Teaching String Art {Resource}

This past weekend I was an art instructor at the YMCA Women’s Wellness Weekend located on Camp Orkila. I have been teaching different types of art classes there shortly after I fell in love with the mission behind WWW in 2008.

It was my pleasure to once teach string art, taking a break from quilling. My class was moved from the library to the studio. Can you see why?

The camp is on one of the San Juan Islands and my commute to work involves a ferry.


This is the one of best parts of the weekend, since it always includes surprises. Never to disappoint, the ride home had two dolphins that were starboard (two fast for my camera) and in the ferry line to the islands was a tiny house on wheels being delivered.

The sleeping arrangements are not the best since the camp is used for children the rest of the year, but the view from Mt. Constitution and local animal life more than make up for the bunk beds.

I was lucky to teach two classes and had so many great artists come to create masterpieces.  Here are a few photos I took during the classes. That is, when I wasn’t ziplining or reading on the beach, accomplishing the mission for the weekend: take time to get well.

First the students spent some time on the inspiration table, getting ideas. Then they were given paper and pencil to draw them out. I had some plain wood boards but some were painted with prewash paints (they dried faster then regular paint) I had received as a Plaid Ambassador, along with regular paint.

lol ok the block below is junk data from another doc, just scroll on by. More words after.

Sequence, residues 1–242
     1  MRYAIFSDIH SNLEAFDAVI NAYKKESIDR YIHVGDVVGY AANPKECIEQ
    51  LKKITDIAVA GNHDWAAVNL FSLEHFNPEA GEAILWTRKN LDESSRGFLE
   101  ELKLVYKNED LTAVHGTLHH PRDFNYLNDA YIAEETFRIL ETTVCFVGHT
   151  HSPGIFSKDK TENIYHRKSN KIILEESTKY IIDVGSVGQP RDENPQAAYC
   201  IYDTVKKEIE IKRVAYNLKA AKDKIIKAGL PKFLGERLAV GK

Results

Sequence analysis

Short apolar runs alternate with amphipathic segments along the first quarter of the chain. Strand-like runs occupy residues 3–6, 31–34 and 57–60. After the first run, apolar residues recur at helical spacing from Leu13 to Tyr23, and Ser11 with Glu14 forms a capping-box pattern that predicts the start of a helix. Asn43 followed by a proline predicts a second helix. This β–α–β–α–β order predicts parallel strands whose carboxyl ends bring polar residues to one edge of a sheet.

After the designs were complete, they received nails, hammers and protective tools and got to work. Yes, it gets loud!

Once the hammering was done, the paper is removed and the students started outlining their work.

After the outline is done, the inside is filled in. Or there other way around. Really, there are no rules in art.

The inside of the work can be calculated and pre drawn out.

Or filled in a random manner.

One student knew the design outcome, but wanted to play with color.

While another student knew the exact design because she was a collector of it.

Someone made wall art for a new baby on the way.

While other art was made simply to be created and left behind in the studio to be enjoyed by others.

It was such a lovely weekend and I hope to be invited to teach again. I have some friends whom I’ve enjoyed meeting on my daily walks.

To read step by step instructions on created your own string art, visit these tutorials.

Arabic Initial String Art {Tutorial}

Arabic String Wedding Decor {Tutorial}


Stop by A Crafty Arab on Pinterest about other teaching jobs. Or visit the contact page to have me teach at your next event.


I am a Libyan American who creates art to promote a positive image of Arab and Islamic culture.